How can businesses innovate in managing data center bandwidth?

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More sophisticated methods of managing data center bandwidth allow for more consistent performance, and allow administrators to avoid various pitfalls of out-of-control network traffic across multiple channels.

In a general sense, businesses need to match resources to channels. Setting up quality of service (QoS) management is a start – by setting maximum levels for different bandwidth channels, quality of service management tools make a chaotic and disorderly network run more smoothly.

Adding granular control tools to network virtualization or hypervisor systems is a common way to control network performance. VM-level quality of service management means administrators can ensure that a rogue virtual machine doesn’t crash the system, or that in general, one high-demand channel isn’t hogging all of the resources.

Scheduling applications can also help with virtualization environments. In a general sense, companies can either schedule and manage bandwidth-related activities to make system components work well with each other, or they can simply dump more resources on the problem. The second approach, however, can waste a lot of money, and the first one can be extremely difficult. Some experts argue that scheduling tools alone won’t do the job of helping to achieve a desired state.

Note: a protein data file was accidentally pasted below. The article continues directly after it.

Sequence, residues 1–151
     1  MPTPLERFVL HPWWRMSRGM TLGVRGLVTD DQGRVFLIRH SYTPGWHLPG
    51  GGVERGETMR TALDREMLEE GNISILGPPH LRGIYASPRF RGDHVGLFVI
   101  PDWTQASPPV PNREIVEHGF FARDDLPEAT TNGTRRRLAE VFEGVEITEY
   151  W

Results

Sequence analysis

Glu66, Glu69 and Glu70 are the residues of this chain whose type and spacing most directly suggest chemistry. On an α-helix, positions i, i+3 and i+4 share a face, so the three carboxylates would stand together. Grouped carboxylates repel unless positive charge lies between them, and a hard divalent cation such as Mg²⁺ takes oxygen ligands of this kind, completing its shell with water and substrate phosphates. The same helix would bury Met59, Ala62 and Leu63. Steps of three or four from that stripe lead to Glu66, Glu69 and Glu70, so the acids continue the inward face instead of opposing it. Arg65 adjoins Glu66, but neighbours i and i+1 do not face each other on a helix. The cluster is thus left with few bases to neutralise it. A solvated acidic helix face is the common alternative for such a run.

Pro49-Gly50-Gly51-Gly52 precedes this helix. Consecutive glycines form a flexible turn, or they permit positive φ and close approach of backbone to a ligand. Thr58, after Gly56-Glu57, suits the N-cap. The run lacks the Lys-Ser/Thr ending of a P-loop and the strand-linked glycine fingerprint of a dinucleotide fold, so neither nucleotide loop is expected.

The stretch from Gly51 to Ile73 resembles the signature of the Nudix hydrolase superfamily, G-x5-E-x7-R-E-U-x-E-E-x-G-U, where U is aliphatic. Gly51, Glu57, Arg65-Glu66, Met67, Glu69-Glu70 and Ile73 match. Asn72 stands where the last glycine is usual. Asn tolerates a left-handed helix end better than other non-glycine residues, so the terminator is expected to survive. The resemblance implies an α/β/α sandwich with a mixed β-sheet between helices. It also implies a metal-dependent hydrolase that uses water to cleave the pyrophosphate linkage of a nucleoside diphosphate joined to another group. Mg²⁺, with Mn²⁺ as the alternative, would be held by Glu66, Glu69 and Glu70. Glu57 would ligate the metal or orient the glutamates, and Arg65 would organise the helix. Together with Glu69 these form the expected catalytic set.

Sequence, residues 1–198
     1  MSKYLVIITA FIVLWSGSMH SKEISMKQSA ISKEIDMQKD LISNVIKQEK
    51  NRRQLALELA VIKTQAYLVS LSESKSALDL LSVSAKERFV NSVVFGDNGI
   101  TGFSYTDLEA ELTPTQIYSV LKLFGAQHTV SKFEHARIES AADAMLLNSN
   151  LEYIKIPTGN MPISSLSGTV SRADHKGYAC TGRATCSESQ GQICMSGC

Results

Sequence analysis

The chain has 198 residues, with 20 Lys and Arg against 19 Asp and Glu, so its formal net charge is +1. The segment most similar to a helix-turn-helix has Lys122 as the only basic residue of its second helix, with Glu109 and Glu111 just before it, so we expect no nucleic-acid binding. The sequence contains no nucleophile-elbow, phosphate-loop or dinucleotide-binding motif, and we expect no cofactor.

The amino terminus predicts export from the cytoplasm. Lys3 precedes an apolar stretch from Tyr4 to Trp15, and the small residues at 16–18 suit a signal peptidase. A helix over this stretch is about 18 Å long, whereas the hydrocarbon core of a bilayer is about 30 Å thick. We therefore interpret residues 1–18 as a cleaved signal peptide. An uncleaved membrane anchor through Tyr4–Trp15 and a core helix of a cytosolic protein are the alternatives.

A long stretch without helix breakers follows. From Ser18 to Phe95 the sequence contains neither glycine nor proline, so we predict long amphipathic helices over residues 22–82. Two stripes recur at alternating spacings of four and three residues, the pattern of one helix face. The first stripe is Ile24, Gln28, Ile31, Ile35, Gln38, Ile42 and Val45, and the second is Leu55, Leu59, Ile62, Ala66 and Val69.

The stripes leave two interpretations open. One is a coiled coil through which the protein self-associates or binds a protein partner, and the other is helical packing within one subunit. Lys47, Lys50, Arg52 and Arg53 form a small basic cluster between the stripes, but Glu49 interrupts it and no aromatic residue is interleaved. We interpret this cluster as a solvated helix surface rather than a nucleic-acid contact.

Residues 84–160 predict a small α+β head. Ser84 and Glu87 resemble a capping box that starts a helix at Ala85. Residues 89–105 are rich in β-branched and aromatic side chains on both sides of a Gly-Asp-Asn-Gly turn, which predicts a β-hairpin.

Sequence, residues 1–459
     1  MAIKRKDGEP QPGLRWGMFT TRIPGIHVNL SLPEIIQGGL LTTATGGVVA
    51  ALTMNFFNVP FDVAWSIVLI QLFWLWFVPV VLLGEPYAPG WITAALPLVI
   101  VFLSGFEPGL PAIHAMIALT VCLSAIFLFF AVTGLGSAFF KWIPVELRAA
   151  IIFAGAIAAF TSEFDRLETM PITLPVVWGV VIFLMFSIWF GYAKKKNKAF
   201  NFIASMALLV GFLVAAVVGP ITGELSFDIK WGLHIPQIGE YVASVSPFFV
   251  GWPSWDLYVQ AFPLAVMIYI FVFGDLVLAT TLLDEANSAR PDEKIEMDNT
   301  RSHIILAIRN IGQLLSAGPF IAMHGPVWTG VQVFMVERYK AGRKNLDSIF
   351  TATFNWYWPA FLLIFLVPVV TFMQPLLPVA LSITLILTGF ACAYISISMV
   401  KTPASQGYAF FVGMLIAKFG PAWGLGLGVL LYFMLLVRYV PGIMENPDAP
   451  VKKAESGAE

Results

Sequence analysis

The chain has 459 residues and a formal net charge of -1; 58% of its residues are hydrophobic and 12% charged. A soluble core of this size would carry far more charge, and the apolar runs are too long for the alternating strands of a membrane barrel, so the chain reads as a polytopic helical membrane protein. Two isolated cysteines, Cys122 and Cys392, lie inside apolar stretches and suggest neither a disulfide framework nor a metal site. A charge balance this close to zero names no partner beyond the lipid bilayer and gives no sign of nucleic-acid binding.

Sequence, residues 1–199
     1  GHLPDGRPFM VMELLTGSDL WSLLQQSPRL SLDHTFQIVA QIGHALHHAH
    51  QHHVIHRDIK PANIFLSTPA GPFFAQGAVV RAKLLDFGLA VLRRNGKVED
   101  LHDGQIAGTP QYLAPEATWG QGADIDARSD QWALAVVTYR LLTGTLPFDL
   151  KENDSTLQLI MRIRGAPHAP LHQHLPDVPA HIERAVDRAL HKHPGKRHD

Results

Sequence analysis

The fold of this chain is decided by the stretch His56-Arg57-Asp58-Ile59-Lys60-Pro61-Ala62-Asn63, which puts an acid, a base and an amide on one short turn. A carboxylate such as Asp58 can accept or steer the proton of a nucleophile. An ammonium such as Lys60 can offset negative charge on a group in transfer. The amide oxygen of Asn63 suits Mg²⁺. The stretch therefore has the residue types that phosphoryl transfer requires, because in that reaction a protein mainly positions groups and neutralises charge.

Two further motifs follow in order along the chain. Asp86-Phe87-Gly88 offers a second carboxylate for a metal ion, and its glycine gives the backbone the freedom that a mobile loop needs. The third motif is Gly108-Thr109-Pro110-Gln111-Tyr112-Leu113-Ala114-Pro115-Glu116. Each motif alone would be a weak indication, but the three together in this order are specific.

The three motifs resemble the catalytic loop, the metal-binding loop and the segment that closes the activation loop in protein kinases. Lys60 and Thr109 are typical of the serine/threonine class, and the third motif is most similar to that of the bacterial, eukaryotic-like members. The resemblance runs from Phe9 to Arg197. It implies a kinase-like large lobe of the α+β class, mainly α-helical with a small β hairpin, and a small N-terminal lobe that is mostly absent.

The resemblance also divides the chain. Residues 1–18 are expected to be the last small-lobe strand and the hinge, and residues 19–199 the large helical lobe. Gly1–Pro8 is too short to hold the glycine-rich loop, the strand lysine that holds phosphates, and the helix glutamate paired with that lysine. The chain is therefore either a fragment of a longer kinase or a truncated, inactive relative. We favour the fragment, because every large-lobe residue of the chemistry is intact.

Those looking in more detail at managing bandwidth for a data center suggest looking in a granular way as latency, with CPU-ready metrics, and figuring out how resource pools work. To reach the right desired state, they are saying, there is a necessary level of automation. Vanguard companies working in this field are building extremely versatile and capable machines that will help direct network traffic according to sophisticated models that will help optimize and maximize bandwidth resources.

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Justin Stoltzfus
Justin Stoltzfus

Justin Stoltzfus is an independent blogger and business consultant assisting a range of businesses in developing media solutions for new campaigns and ongoing operations. He is a graduate of James Madison University.Stoltzfus spent several years as a staffer at the Intelligencer Journal in Lancaster, Penn., before the merger of the city’s two daily newspapers in 2007. He also reported for the twin weekly newspapers in the area, the Ephrata Review and the Lititz Record.More recently, he has cultivated connections with various companies as an independent consultant, writer and trainer, collecting bylines in print and Web publications, and establishing a reputation…